In postrevolutionary Tunisia, local politics have played an important role in the reconstruction of political authority in the wake of regime change. Continuities of governance between the old and new regimes, the local emergence of new social and political actors, and the competition between new and old local actors, as well as between them and the central state, have challenged the authority of national institutions and elected officials. As national actors attempted to rein in local experiments with “direct democracy,” local politics generated resistance toward the Islamist-led Ennahda coalition.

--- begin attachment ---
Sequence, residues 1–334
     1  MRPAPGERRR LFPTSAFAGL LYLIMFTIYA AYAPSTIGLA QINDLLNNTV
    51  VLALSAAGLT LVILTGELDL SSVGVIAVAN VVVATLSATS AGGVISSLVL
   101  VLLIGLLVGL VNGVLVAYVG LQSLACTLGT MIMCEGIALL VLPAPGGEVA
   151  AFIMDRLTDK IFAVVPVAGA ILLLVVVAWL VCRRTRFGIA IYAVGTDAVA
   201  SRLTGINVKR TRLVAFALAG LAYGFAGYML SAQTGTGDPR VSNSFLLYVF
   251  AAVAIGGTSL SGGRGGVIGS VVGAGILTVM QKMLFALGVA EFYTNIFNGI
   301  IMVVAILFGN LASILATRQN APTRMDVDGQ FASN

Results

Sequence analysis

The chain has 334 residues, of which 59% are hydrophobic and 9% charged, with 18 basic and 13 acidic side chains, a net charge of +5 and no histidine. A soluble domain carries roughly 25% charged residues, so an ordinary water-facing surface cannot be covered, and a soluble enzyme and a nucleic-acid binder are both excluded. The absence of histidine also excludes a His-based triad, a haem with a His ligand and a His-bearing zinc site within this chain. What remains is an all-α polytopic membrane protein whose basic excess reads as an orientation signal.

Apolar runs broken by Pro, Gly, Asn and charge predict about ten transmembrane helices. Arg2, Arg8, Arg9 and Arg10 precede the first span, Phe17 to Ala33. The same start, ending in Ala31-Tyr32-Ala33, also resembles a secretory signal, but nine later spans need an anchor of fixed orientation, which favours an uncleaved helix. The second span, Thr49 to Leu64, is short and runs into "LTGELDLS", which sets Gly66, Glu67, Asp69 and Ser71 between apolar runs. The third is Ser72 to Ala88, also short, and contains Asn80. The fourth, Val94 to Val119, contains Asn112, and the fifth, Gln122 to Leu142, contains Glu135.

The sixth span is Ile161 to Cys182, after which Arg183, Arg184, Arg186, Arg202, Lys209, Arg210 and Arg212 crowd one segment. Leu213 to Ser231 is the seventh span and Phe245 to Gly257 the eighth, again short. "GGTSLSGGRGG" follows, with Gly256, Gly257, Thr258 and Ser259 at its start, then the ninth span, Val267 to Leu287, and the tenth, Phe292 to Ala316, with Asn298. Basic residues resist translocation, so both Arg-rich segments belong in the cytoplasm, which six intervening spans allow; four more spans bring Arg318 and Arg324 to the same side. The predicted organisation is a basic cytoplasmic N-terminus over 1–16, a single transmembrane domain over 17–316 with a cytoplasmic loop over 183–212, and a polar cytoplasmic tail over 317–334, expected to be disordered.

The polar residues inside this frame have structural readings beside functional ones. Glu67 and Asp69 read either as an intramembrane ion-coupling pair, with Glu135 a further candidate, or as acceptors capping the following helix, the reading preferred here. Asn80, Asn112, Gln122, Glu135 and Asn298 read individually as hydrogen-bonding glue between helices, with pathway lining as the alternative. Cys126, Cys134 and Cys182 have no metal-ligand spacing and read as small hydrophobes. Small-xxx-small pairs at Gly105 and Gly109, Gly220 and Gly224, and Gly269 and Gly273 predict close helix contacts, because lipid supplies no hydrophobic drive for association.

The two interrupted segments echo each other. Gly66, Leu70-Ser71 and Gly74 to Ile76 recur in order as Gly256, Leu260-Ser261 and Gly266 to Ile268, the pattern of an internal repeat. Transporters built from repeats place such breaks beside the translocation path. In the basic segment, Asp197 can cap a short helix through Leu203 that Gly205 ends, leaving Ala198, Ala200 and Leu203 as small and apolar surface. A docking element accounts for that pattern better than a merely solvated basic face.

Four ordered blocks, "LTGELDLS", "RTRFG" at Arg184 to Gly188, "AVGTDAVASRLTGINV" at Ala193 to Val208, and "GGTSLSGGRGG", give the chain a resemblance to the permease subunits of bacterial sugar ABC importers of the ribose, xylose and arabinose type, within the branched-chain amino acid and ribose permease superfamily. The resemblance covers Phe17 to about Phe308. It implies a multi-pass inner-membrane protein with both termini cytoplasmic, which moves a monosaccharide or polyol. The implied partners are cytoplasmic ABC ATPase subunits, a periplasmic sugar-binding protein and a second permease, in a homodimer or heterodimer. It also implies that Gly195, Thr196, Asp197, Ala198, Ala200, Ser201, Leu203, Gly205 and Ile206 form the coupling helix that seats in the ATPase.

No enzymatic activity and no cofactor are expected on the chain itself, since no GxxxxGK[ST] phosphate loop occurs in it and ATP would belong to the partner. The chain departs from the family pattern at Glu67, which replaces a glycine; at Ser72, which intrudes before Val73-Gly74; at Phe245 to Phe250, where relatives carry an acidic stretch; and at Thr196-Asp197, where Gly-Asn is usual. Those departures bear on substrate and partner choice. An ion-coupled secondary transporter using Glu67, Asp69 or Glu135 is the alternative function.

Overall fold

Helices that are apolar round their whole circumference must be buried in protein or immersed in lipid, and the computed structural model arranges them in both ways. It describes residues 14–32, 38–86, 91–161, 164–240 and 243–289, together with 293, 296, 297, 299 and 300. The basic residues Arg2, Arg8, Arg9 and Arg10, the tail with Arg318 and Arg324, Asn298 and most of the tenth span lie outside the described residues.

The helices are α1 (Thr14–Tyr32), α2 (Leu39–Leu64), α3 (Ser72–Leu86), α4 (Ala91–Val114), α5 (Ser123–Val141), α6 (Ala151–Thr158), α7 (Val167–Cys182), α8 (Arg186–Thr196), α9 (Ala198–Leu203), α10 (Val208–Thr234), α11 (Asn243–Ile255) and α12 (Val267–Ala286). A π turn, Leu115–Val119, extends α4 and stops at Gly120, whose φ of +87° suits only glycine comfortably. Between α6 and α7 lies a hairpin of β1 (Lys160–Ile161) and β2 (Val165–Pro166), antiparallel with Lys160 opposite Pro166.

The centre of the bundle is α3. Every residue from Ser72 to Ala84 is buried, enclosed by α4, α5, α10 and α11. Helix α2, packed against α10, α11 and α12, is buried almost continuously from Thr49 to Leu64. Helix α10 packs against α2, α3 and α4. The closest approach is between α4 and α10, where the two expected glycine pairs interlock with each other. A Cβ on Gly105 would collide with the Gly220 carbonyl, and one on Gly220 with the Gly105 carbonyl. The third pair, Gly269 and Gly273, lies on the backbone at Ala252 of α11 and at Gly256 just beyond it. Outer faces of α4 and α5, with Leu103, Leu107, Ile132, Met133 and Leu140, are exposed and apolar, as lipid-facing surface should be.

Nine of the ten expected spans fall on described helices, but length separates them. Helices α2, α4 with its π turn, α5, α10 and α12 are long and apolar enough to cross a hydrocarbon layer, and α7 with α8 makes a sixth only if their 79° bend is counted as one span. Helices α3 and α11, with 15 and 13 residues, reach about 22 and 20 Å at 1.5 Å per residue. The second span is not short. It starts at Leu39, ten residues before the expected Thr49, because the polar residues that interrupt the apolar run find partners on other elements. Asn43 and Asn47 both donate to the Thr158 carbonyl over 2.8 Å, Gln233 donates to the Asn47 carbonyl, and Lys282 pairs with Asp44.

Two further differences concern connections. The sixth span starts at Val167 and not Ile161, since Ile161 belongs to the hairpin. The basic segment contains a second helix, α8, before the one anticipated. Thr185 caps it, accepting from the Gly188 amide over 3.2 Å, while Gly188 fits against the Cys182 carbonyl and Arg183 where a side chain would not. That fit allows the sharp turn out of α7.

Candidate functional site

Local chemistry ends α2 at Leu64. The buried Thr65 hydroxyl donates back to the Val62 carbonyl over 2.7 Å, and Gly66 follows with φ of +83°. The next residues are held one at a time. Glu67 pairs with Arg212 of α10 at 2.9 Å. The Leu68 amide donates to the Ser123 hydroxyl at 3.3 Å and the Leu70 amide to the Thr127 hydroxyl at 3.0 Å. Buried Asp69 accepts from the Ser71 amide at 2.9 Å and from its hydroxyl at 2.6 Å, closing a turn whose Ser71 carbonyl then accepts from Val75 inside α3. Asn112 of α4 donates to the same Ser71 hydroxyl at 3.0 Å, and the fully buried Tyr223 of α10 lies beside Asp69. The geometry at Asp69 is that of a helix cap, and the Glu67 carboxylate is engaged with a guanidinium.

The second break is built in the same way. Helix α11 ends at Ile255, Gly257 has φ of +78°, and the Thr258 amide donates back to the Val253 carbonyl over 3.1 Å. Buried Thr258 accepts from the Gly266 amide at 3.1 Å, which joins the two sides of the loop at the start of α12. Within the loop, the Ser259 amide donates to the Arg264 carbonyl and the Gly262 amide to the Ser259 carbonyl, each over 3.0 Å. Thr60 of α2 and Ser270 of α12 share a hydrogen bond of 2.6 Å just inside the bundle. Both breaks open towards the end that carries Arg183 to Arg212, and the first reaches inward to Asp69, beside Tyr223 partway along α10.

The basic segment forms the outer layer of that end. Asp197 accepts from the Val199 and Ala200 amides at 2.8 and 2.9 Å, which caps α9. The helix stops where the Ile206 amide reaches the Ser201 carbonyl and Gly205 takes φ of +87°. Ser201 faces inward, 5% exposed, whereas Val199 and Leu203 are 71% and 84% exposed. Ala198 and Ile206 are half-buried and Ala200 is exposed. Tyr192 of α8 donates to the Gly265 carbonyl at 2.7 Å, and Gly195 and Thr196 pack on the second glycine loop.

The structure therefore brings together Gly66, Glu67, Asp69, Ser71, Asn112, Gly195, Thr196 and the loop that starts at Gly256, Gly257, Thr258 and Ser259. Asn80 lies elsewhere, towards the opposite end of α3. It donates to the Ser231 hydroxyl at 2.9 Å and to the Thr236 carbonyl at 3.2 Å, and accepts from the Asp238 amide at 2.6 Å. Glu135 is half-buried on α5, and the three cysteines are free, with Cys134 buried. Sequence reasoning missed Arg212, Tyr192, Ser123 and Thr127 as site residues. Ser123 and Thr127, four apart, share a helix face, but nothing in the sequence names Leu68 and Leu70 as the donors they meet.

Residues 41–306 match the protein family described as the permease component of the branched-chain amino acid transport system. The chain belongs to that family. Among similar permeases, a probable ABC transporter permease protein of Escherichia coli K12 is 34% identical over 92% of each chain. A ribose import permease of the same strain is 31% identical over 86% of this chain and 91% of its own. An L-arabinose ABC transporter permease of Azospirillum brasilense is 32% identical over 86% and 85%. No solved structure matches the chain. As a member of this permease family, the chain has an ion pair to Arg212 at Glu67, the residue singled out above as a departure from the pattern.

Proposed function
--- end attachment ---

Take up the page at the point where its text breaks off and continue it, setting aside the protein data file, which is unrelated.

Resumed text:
|Number of pages||17|
|Journal||Middle East Journal|
|Publication status||Published - 1 Jun 2016|